To help the church at Ephesus to remember where they had been Paul paints a desperate picture of their life without Christ. He was reminding them of the state of their spiritual condition and their life before Christ came to restore them. He reminds them that they were rejected by the Jews. He reminds them that they were separated from Christ. They were alienated from the commonwealth of Israel. They were strangers to the covenants of promise. They had no hope. They were without God. This sounds like a terrific place to be in life. The message here is one that sounds desperate and it is.
To fully understand the words of Paul, we need to also understand the atmosphere that was evidenced during this period of history. There was no love loss between the Jews and the Gentiles. To say they despised one another would be an under statement. While the Gentiles had their issues, the Jews made it difficult for the Gentiles to come to Christ. The Jews ostracized the Gentiles from their way of life. The Gentiles were only allowed to worship the God of the Jews from a distance. In fact, in the temple, the Jewish leaders had erected signs which stated that if the Gentile was to enter specific areas of the temple, they could face death.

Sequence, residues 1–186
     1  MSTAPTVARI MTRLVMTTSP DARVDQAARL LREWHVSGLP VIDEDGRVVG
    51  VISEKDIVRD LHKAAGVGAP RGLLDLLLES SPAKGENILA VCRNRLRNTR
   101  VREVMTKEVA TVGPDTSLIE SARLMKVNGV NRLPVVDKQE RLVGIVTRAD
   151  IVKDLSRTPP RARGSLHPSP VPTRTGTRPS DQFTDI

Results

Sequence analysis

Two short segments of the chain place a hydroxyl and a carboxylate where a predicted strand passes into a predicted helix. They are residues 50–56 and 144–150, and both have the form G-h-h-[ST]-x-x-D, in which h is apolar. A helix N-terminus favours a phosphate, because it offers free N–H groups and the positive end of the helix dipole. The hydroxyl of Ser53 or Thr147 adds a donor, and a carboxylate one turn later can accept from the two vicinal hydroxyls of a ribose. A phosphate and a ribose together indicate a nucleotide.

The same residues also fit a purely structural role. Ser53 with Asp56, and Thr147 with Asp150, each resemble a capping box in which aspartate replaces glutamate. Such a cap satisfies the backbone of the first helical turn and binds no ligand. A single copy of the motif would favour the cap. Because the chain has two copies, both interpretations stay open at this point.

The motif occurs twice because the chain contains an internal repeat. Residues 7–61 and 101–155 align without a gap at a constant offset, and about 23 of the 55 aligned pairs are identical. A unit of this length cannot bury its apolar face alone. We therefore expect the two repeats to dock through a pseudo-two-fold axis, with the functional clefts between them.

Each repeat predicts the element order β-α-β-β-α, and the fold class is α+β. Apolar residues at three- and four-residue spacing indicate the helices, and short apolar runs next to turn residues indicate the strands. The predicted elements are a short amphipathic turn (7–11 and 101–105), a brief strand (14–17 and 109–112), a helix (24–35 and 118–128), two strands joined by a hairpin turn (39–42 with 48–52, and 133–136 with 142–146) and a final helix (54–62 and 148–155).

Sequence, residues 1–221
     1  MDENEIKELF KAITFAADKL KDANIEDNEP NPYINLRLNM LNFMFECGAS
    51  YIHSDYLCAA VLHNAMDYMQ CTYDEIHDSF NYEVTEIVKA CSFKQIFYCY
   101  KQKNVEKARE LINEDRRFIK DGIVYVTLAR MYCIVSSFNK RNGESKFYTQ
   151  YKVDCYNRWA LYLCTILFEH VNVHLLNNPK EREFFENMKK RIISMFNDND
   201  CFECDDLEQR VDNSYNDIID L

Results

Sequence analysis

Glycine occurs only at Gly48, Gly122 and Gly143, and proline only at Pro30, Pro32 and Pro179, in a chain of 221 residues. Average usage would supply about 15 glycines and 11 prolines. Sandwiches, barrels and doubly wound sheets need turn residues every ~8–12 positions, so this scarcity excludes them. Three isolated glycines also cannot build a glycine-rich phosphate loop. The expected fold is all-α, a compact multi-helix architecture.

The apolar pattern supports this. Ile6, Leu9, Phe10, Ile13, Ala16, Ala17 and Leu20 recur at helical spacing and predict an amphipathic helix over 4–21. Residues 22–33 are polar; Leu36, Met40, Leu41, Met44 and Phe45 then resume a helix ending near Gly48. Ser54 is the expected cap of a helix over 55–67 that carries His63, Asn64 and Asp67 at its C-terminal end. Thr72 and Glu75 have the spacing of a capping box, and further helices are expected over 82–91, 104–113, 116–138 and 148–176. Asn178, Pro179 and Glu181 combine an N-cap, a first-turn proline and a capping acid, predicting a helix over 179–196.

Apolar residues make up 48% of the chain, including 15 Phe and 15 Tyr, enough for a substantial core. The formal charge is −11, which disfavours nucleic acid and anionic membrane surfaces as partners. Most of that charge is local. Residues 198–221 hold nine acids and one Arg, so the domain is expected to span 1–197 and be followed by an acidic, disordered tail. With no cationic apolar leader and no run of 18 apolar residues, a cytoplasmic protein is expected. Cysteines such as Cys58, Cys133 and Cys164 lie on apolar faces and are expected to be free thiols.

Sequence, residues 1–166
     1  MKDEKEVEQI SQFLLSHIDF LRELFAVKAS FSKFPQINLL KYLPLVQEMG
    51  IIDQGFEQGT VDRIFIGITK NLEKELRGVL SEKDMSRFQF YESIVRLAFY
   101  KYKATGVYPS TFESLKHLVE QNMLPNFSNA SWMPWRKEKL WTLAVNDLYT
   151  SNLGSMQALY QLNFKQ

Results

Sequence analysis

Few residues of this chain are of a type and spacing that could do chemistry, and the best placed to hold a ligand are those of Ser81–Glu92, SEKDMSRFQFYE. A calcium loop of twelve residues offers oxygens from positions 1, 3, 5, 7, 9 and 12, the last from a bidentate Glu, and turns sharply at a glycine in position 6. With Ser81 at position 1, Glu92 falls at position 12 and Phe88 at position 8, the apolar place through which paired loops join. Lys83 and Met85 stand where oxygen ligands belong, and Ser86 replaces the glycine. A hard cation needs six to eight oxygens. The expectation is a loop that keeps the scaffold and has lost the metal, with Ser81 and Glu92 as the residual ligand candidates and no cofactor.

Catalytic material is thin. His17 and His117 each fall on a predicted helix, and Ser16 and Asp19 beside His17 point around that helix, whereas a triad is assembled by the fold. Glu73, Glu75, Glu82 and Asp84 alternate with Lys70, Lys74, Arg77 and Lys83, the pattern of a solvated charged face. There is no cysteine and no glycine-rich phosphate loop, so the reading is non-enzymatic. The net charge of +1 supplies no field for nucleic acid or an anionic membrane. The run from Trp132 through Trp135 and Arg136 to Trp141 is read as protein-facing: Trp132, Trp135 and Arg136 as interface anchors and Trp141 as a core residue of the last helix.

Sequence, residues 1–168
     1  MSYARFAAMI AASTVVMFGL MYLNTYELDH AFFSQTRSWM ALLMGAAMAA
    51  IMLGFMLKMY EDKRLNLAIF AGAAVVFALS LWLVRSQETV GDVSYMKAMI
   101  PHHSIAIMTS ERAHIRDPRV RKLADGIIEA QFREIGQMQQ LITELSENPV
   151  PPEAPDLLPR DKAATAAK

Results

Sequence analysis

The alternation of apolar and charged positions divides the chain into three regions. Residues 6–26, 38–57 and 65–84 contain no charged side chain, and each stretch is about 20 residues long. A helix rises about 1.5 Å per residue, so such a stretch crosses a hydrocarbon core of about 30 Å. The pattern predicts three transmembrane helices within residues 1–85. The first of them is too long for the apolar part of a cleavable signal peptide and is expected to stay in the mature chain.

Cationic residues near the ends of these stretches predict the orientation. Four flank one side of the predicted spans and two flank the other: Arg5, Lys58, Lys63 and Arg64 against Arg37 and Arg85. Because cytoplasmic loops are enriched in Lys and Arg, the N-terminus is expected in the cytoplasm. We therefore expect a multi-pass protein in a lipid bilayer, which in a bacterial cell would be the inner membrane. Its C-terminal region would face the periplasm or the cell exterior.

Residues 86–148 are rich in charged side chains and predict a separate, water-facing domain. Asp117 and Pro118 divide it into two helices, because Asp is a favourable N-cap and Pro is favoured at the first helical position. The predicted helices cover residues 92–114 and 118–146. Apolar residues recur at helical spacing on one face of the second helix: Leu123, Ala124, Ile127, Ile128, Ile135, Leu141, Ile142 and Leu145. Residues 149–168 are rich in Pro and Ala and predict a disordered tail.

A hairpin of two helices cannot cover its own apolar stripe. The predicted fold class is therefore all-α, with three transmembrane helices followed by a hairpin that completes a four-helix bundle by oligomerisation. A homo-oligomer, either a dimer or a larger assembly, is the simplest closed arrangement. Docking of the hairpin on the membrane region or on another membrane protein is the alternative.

The Jews of that day had developed a prideful, arrogant attitude toward those outside the faith. They had taken the calling of God to a misguided place where they began to misrepresent the calling of God on their lives. They saw themselves as the elite of God. You see they were effective at bringing up the name of Abraham but they forgot that the promise Abraham had been given. In Genesis 12, God promises Abraham that he will be a blessing through the nations. God promises that… in you all the families of the earth shall be blessed. How quickly we can forget the purpose of God in our lives.
Look at the place the Gentiles found themselves. They were lost and dead in sin. They were rejected by the religious leaders of the day. They were rejected by those who had the answer. Once again, Paul could have placed a period here but he did not. But rather than putting a period here and closing the book, he makes a transition that changes everything. He transitions this passage much like he does in the earlier verses we studied. He uses this defining transitional phrase “But now in Christ.” From there, Paul masterfully shows the reader what one looks like when they have been impacted by the work of Christ.
We will continue this next week but before we close I want to discuss something I think that is critical for us. One of the things that came from my study and preparation for this message was that we often erect barriers that make it hard for others to come to Christ. Some of these are the same problems faced by those in the New Testament. One of the first things we find is that the Jews were often heavy on the law but light on grace. The Jews were more interested in the sign of the circumcision than what the circumcision represented. They rejected those who had not been circumcised. But when Christ came, He replaced the requirement of circumcision with Himself. You see what Jesus is after is not the foreskin but the heart. The Jewish leaders were masters at forcing others to obey the law when they themselves could not follow their own law.